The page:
Cox, who pleaded guilty to an unrelated charge of structuring financial payments to avoid paying taxes, has not yet been sentenced. But his guilty plea could have an impact on his credibility, Rosenberg said.
If the government has been able to locate any clients that Cox brought to Reed, they could be called as well, he said.
It’s also possible that the government will call Reed’s former girlfriend. The possible testimony of Claire Bradley has been the subject of some pre-trial wrangling over expert witnesses, with Reed’s attorneys saying that if Bradley takes the stand, they want to call a computer expert to testify about unflattering on-line postings regarding Reed that she purportedly made under an alias.
Whether Reed himself will testify is another question. The former district attorney doesn’t have a criminal record, making him a better witness, Coman said, but once a criminal defendant testifies, “it becomes about their performance.”
Putting the defendant on the stand “makes their credibility the forefront of the case,” Rosenberg agreed. It also allows the government to raise issues that might not otherwise have been allowed in evidence.
While jurors are instructed not to hold a defendant’s refusal to testify against him, many lawyers believe jurors typically do question the decision, figuring that an innocent defendant would take the stand.
In federal criminal cases, prosecutors tend to have the upper hand over their targets, who must come up with the time, energy and money to mount a defense while the government may have worked on the case for a year or more with almost unlimited time and resources, Rosenberg said.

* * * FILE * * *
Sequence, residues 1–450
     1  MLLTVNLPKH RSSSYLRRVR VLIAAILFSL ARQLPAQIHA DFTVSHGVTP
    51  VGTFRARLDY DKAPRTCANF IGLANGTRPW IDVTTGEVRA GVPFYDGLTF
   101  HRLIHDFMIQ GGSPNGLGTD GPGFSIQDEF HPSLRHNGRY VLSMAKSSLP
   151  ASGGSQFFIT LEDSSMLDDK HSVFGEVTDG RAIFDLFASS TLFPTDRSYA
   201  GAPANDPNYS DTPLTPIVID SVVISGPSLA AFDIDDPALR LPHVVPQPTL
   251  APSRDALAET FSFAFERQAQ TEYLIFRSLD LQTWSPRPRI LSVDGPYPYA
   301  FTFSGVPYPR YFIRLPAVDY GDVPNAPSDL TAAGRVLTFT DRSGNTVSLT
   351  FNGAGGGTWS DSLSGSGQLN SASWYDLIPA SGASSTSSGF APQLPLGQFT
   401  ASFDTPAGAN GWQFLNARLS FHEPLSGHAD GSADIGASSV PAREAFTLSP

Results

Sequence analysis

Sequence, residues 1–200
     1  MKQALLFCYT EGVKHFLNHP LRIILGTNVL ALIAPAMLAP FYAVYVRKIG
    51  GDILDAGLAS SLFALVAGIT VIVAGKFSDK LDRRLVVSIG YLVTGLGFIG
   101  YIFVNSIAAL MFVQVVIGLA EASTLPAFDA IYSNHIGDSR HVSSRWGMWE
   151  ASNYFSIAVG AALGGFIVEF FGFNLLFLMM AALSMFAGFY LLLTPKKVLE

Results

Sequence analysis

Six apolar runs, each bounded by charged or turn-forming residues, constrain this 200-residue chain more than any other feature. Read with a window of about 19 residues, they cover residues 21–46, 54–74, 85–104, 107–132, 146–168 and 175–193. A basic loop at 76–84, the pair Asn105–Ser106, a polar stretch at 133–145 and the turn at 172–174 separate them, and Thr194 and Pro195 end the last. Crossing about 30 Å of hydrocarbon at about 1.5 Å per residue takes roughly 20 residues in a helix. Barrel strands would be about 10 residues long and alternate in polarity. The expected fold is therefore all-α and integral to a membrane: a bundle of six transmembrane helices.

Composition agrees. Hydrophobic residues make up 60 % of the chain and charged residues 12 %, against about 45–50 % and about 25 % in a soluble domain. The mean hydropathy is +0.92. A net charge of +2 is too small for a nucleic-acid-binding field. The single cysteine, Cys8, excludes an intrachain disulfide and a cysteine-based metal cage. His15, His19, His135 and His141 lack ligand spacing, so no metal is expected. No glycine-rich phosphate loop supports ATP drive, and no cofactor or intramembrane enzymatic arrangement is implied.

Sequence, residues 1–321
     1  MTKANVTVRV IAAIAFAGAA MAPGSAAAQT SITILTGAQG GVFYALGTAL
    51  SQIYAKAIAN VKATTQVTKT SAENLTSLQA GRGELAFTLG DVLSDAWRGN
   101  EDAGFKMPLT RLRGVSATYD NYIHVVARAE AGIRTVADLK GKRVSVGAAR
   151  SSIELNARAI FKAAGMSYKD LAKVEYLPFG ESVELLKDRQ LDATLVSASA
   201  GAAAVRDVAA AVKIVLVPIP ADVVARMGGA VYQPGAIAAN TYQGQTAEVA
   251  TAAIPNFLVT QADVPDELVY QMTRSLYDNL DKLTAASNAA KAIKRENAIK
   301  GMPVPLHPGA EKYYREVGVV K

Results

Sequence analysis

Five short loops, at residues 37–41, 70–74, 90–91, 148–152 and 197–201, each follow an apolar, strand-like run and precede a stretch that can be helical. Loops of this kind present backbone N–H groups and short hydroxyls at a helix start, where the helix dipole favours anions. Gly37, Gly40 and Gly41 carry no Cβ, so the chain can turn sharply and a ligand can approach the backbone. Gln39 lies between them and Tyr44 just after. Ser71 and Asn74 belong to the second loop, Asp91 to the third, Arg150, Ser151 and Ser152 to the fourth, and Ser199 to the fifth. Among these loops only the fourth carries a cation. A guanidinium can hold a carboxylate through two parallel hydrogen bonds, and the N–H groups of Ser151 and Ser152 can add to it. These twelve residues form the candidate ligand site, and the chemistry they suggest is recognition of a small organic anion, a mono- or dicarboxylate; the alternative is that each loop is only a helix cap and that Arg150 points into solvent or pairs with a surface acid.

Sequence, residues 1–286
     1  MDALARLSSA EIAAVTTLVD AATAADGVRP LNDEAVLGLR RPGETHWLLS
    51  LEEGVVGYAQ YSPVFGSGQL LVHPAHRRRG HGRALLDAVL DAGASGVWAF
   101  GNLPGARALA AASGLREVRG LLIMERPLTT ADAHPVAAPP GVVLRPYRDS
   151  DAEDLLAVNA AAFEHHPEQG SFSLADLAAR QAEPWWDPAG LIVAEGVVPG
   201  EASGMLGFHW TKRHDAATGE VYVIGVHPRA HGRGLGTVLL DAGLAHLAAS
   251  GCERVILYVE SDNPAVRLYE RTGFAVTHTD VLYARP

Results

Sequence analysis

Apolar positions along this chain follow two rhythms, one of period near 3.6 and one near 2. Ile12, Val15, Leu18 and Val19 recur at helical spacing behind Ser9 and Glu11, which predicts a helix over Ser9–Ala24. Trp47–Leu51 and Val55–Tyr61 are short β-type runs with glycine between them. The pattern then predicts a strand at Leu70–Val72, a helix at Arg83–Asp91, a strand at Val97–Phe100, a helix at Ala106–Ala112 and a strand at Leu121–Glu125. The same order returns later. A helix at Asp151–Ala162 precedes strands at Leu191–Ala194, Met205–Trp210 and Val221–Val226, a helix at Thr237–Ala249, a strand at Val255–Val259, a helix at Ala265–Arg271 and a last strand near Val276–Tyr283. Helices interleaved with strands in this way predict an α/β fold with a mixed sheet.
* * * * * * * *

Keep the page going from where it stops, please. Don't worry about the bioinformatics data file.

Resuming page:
But there are weaknesses in the prosecution’s case against Reed, Rosenberg noted.
When it comes to the tax charges, for example, the defense can show that Reed paid a substantial amount of taxes — “more than most jurors ever paid,” he said.
As for Reed’s use of campaign funds, Rosenberg pointed out that the district attorney ran for office six times without a question being raised about how he spent the money.
“It’s hard to know how that will play out,” he said.
Reed also has a lawyer who has gotten at least one client acquitted on federal criminal charges: Simmons represented David Warren, the former New Orleans police officer who shot Henry Glover in the aftermath of Hurricane Katrina. On a retrial, Warren was acquitted by a federal jury on civil rights and gun charges in 2013.
“Rick is hoping for a repeat performance,” Rosenberg said.
As for Simmons, he was less talkative about the case.
“Walter is looking forward to his day in court,” he said. “Let’s leave it at that.”
Follow Sara Pagones on Twitter, @spagonesadvocat.